In 1912 the minor Augustin Lesage heard voices telling him that he would be a painter. Eight to ten months later, during a spiritualist seance, the spirits appeared again. Soon after, Lesage began a huge canvas of nine square meters. He spent all his spare time working on the painting ; it would take him over a year to finish it. Regularly participating in seances, he believed that his works were dictated by spirits - Leonardo da Vinci, and Marius of Tyana, deformation of Apollonius of Tyana or double of Marie, his little sister who died at the age of three. It was only later that Lesage agreed to sign his work. Describing the creative process behind his production, Lesage wrote : "Before I start to paint I never have any idea as to what I want to portray. I never have an overview of the entire work at any point of the execution. My guides tell me : ‘Do not try to understand what you’re doing.’ I surrender to their impulse."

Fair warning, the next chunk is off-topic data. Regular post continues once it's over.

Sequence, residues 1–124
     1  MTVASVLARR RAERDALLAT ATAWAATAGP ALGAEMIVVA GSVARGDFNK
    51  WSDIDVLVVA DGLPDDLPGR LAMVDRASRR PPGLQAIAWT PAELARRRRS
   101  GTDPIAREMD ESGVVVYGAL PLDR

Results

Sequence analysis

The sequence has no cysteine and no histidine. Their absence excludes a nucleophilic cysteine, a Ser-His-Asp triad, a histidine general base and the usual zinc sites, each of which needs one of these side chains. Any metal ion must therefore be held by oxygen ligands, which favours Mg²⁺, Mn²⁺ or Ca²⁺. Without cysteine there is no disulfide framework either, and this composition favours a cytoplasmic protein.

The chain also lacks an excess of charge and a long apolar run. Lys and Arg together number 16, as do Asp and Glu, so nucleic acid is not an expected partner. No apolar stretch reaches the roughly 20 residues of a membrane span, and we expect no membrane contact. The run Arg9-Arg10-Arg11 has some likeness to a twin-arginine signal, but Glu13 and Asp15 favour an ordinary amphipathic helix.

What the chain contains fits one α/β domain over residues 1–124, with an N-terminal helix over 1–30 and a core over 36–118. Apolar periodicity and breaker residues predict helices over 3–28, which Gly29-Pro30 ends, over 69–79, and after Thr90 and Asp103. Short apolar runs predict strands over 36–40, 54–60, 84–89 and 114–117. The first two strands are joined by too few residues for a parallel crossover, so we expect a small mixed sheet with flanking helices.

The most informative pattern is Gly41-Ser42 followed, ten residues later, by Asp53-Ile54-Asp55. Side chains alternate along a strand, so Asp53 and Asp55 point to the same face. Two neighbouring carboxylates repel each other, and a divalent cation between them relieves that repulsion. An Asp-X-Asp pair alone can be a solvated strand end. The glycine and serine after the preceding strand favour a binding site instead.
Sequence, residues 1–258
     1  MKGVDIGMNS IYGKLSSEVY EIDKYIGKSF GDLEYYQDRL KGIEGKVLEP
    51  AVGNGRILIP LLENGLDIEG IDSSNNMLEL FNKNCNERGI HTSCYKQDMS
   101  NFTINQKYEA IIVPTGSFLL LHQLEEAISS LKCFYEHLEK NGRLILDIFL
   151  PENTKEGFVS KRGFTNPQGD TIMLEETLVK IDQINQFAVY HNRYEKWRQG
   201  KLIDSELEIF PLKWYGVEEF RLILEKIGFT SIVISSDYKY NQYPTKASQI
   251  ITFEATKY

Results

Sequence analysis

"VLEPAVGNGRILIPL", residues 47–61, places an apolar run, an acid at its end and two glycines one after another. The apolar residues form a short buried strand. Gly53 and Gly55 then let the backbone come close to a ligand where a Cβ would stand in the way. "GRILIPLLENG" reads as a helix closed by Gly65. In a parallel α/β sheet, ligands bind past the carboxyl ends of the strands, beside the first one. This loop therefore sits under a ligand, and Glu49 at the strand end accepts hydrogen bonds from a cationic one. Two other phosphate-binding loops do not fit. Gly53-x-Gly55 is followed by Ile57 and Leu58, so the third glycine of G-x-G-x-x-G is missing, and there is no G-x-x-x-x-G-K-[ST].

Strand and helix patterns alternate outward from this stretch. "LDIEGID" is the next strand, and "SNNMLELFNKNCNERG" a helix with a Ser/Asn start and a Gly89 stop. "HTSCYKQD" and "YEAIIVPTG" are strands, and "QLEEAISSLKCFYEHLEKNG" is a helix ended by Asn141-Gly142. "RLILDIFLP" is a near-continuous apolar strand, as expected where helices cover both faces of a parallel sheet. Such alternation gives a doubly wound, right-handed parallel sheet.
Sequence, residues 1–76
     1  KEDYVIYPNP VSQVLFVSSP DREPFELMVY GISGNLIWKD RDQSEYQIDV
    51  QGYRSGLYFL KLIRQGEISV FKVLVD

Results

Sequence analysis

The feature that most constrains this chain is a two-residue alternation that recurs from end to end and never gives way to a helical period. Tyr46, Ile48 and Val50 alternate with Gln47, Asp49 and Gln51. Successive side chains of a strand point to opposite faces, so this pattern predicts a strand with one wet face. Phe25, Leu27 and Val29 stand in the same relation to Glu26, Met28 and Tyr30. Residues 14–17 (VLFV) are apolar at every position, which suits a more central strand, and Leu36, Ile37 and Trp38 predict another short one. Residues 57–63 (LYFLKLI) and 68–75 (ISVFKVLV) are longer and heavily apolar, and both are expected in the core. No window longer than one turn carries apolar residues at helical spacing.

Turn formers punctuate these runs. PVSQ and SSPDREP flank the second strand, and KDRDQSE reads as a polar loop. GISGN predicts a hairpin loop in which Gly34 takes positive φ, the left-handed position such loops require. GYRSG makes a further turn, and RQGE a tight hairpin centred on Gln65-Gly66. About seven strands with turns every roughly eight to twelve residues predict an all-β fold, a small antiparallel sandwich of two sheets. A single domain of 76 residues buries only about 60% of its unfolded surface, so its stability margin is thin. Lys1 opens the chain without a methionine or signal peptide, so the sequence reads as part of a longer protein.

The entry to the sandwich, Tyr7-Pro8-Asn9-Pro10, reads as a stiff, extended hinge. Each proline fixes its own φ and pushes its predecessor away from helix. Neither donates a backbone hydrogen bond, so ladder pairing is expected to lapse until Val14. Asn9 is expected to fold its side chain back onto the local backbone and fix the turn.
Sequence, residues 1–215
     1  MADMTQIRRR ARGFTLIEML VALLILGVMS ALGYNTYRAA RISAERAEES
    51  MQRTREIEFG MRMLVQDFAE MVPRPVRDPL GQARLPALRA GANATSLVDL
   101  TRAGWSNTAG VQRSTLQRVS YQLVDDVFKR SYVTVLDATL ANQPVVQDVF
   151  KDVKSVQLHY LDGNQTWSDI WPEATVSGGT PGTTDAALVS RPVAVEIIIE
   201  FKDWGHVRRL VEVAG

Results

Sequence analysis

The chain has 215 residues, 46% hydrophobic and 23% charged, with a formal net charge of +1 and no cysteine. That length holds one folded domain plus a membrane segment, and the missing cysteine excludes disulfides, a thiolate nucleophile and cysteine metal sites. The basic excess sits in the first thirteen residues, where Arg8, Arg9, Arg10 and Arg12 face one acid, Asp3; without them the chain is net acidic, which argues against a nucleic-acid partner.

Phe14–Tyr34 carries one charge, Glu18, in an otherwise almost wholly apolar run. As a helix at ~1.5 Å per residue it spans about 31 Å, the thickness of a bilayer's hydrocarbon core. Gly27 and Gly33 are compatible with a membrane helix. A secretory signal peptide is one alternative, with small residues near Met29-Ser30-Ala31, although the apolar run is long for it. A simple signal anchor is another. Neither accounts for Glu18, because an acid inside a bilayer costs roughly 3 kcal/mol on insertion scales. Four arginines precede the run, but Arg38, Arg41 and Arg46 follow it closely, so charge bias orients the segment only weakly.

In 1923, he left the mines and met the Egyptologist Moret. He became passionate about Egyptian drawings, declaring himself the reincarnation of an artist of Pharaonic times. He continued to paint hundreds of works rich in religious symbols from different cultures. He exhibited and sold his paintings, met with the artistic community with which he had an ambiguous relationship. While his work was highly inventive until the early forties, it gradually weakened until it became a poor caricature of his anterior production.
SEE ALSO :
Publications de la Compagnie de l’Art Brut, fascicule 3. Paris, 1965.
Augustin Lesage 1876 - 1954. Texts by Annick Notter and Didier Derœux, Michel Thévoz, Hubert Larcher, Christian Delacampagne, Marie-France Lecomte-Emond, Robert Amadou. Paris : Philippe Sers Editeur, 1988.